4.2.3. Passenger Control Operators
PC operators are proposed to adjust the passenger control strategy (decision variable ), which includes three destroy operators that change the passenger control level based on different features and a repair operator that makes the adjusted solution feasible based on the constraints of the model.(i)PC_D_1: randomly change passenger control level Randomly select a time slice: ; Randomly increase/decrease a control level: for ; Execute passenger control strategy repair operator PC_R_1.(ii)PC_D_2: increase passenger control level during time slice with a high leftbehind rate Calculate the number of passengers on the platform , consider the adjustable strategy level, and build a high leftbehind rate time slices set: ; Select a time slice from the high leftbehind rate time slices set: ; Increase a passenger control level: for ; Execute passenger control strategy repair operator PC_R_1.(iii)PC_D_3: decrease passenger control level during time slice with a high control rate Calculate the number of passengers on the platform , consider the adjustable strategy level, and build a high control rate time slices set: ; Select a time slice from the high control rate time slices set: ; Decrease a passenger control level: for ; Execute passenger control strategy repair operator PC_R_1.(iv)PC_R_1: repair passenger control level changing broken If passenger control constraints (42)–(44) are broken, roll back.
5. Case Study
A numerical case and a realworld case are introduced to test the efficiency of the proposed the PCS&TOP model and the MOSA algorithm in this section.
5.1. Numerical Case Study
5.1.1. Case Description
As shown in Figure 4, a numerical case that includes 2 bidirectional crossed lines is illustrated. Every line has 5 stations that include an origin station (Station 1), a terminal station (Station 5), and a transfer station (Station 3). The related parameters that include the train operation parameters and passenger demand are listed in Appendix B. During the 60minute study time horizon, we pursue the optimal train operation plan and passenger control strategy plan by calculating the PCS&TOP model and MOSA algorithm.
The computation process is performed on a Windows 11 (64bit) workstation with an AMD Ryzen 7–4800U CPU and 16 GB RAM. The MOSA algorithm is programmed in MATLAB 2021a.
5.1.2. Result Analysis
To avoid the randomness of the MOSA algorithm, we test the experiment 50 times with the same parameters (). The average computation time is 260.47 seconds (4.34 minutes). The values of the objective function in the 50 experiments are shown in Figure 5, the minimum result is 125,282 obtained 26 times. Three other different solutions are obtained and all results are within a 0.5% gap compared with the minimum one. Therefore, the MOSA algorithm performs well in terms of convergence.
In the minimum result, the passenger waiting time at the platform is 33,748 minutes, the passenger waiting time at the entrance is 7,048 minutes, and the train operation cost is 866 corresponding to 62 train service that includes 34 1unit formation trains and 28 2unit formation trains. The specific results are shown in the next section and compared with the results in other conditions.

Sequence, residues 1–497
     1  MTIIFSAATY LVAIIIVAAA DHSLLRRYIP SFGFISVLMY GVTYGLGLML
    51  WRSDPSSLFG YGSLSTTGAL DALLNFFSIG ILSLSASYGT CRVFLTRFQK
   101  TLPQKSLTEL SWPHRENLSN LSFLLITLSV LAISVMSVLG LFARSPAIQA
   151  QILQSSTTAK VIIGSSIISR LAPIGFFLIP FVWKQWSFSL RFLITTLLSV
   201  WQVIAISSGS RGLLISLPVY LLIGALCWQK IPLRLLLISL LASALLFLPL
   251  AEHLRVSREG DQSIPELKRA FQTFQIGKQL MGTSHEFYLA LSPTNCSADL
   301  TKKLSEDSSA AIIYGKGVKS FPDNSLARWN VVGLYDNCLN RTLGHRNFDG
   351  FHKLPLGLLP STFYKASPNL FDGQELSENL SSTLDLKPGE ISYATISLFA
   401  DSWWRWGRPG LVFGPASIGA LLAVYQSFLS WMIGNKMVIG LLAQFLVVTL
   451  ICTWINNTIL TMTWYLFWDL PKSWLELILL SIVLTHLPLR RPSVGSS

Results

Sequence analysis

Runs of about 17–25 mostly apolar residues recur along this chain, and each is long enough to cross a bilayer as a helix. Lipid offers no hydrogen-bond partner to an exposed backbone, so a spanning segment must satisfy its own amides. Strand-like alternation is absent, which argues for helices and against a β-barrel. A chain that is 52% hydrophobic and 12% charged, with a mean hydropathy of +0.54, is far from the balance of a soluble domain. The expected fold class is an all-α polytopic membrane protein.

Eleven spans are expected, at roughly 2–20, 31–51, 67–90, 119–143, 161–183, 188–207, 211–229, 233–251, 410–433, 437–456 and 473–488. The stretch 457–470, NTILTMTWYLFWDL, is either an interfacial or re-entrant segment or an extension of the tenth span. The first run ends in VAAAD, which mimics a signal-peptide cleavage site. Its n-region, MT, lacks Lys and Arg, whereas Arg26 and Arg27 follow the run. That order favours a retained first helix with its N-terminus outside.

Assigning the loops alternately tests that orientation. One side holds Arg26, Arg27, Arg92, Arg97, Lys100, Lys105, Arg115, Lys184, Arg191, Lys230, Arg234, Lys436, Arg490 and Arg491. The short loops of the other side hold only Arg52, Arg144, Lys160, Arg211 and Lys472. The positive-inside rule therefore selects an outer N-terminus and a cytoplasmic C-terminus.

5.1.3. Result Comparison
To show the efficiency of the proposed model and algorithm, the optimized result is compared with the results in different conditions.
The origin solution is proposed as the original scenario. The timetables operating with minimum headways on each line are the same, and all trains are 2unit formation. Meanwhile, there are no passenger control strategies at any station at any time. The PCS result is the solution that optimizes the passenger control strategy with the original train operation plan. The TOP result is the solution that optimized the train operation plan without any passenger control strategy. The PCS&TOP result is the collaborative optimization solution of passenger control strategy and train operation plan by the proposed model and algorithm.
The values of the objective function and each part are compared and shown in Table 4. Compared with the origin result, the passenger waiting time at the platform is decreased in PCS, because the passengers are controlled at the entrance; the train operation cost is decreased in TOP because the timetables of different lines and train formation are integrated optimized; both are decreased in PCS&TOP. Whereas, the passenger waiting time at the entrance is increasing in PCS and PCS&TOP. Therefore, the proposed model and algorithm can collaboratively optimize the passenger control strategy and train operation plan.
The platform waiting time of passengers in each train on each line in each solution is shown in Figure 6. The number of passengers is larger, the color on the bar is nearer the red; the number is smaller, the color on the bar is nearer the green; if there are no passengers, the color is white. We find that the total platform waiting time on each train decreased during peak hours (trains 6–11) in PCS&TOP even though it used fewer trains.
The number of leftbehind passengers on each line after the trains depart from the station in different solutions is shown in Figure 7. We find that, compared with the solution without passenger control (origin solution and TOP solution), fewer passengers are left behind at the platform in the solution with passenger control (PCS solution and PCS&TOP solution), which shows the benefits of the passenger control strategy. There still have passengers left behind at the platform, because the excessive passenger control strategy may lead to extra delays at the entrance. Meanwhile, the passenger control strategy is discretized as several levels corresponding to several control rates, and the specific control level is selected at each station.